Nadal has doubled Bjorn Borg, the greatest men’s clay-court player before him, who won six times in Paris. And he has, more intriguingly, closed the gap with his friendly rival Roger Federer, who has won a men’s record 20 Grand Slam singles titles. Nadal now has 18.
“It’s a motivation, but it’s not my obsession,” Nadal said of the record. “It’s not what makes me get up every morning or go and train and play. I don’t think my inner happiness or my future will change if I equal Federer or if I do something like Djokovic. I have already achieved more in my career than I ever imagined.”
This latest title in Paris was far from a given. Nadal withdrew from the BNP Paribas Open before a semifinal match with Federer in March with a recurrence of knee tendinitis. The withdrawal, the latest in a long line during the last two injury-filled seasons, sent him into a funk.
“I lost a little bit that energy because I had too many issues in a row,” he said, throwing shadow punches at himself to demonstrate. “Is tough when you receive one, then another. Then sometimes you are groggy.”
But after failing to win titles on clay in Monte Carlo, Barcelona or Madrid, he returned to top gear to win the Italian Open and dropped only two sets at Roland Garros.
The fourth-seeded Thiem, a 25-year-old Austrian who lost to Nadal in straight sets in last year’s final, was playing for the fourth day in a row. A full day of rain on Wednesday had muddled the schedule, and he had needed parts of two days to finish his semifinal against the top-ranked Djokovic.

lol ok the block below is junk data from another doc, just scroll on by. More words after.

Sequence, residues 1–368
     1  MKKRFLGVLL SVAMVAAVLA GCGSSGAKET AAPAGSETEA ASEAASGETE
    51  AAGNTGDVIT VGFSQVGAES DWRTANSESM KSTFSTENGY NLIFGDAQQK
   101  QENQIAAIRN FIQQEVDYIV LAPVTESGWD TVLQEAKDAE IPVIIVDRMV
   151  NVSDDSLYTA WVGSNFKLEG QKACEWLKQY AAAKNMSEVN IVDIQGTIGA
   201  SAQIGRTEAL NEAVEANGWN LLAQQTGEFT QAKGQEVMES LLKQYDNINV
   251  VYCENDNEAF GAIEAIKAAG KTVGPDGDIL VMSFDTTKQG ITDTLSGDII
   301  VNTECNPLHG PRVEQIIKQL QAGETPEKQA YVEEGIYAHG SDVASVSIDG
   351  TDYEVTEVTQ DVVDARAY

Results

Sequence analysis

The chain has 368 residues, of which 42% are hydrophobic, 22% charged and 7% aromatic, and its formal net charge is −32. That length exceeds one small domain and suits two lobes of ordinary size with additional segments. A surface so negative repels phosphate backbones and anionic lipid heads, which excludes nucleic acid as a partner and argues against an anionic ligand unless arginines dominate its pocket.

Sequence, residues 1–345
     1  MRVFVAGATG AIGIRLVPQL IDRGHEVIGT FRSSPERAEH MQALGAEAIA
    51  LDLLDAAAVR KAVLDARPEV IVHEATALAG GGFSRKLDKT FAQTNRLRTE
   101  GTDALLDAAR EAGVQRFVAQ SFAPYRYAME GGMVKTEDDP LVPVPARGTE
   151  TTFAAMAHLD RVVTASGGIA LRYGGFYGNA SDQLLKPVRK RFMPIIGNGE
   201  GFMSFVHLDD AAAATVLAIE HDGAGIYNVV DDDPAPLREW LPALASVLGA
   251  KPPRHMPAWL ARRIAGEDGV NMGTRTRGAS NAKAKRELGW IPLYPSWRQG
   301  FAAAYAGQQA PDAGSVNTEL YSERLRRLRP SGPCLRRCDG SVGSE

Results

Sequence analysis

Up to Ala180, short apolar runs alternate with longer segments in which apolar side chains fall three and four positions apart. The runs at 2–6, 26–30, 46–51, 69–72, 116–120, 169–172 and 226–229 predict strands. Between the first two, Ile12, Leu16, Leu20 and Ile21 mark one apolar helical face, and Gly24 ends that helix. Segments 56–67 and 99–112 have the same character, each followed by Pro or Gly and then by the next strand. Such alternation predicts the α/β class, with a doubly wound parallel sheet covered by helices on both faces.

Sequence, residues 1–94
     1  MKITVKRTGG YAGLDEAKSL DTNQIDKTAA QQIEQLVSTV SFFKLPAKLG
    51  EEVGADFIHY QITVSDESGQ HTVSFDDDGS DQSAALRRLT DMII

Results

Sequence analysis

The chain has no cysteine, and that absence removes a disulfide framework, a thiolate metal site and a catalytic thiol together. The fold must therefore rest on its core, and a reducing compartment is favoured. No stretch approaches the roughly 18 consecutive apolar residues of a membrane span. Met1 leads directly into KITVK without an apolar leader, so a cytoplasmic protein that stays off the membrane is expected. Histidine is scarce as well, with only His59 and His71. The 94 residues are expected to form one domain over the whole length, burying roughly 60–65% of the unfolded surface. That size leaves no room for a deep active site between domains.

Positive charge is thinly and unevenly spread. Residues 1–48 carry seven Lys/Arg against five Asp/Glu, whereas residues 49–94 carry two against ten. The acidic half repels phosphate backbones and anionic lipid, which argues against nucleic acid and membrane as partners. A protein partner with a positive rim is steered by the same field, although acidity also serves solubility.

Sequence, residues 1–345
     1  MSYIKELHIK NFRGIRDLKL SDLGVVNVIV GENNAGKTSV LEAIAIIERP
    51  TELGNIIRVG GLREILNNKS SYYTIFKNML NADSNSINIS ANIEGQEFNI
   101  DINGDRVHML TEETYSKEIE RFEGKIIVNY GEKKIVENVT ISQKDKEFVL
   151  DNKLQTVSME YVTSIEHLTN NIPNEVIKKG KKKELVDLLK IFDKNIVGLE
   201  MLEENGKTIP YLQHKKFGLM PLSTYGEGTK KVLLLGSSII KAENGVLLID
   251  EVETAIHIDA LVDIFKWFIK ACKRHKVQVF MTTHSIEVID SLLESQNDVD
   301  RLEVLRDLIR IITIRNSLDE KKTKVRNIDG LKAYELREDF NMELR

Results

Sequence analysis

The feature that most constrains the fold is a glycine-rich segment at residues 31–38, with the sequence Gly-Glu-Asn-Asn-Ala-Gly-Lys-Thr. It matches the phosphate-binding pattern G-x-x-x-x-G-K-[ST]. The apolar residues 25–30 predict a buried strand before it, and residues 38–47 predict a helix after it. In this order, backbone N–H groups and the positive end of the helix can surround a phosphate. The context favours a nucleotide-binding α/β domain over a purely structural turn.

That match ended 23 hours before Sunday’s began. If Thiem was fatigued, it did not show in the taut, thrilling first set. Then he prevailed in the second.
But Nadal, the No. 2 seed, won the first 11 points of the third set and quickly went ahead by two breaks, 3-0. After the grueling duels of the first two sets, which each had taken nearly an hour, Nadal won the third set in 28 minutes.
Thiem had chances to break Nadal in the hard-fought first and third games of the fourth set but could not convert. Thiem, looking lower on energy and inspiration, could not hold his own, and Nadal soon ran out the match, mixing successful forays to the net with his customary precision and court coverage at the baseline.
The tournament ended with a forehand return from Thiem that landed just long. Nadal, tracking it closely, watched it bounce and then went into a slide and landed on his back, arms spread wide and eyes closed.
He was undeniably a man on his element. Nadal is the first player in any era to win 12 singles titles at the same Grand Slam tournament, breaking his tie with Margaret Court, the Australian who won the Australian Championships (which later became the Australian Open) 11 times from 1960 to 1973.
But nothing in men’s tennis can compare, and perhaps Massú is correct that nothing ever will truly compare. Nadal, a man who runs (and runs) on doubt, is skeptical.
“I consider myself a normal person,” he said before Sunday’s triumph. “I’m certain that another player can do it in the future. But it’s true that you need to have qualities, luck, physical attributes and a long enough career to do it. You need to have the possibility to play at least 11 French Opens to win 11 times. It’s complicated.”
Even more complicated when his successors will need to play at least 12 French Opens to win 12 times.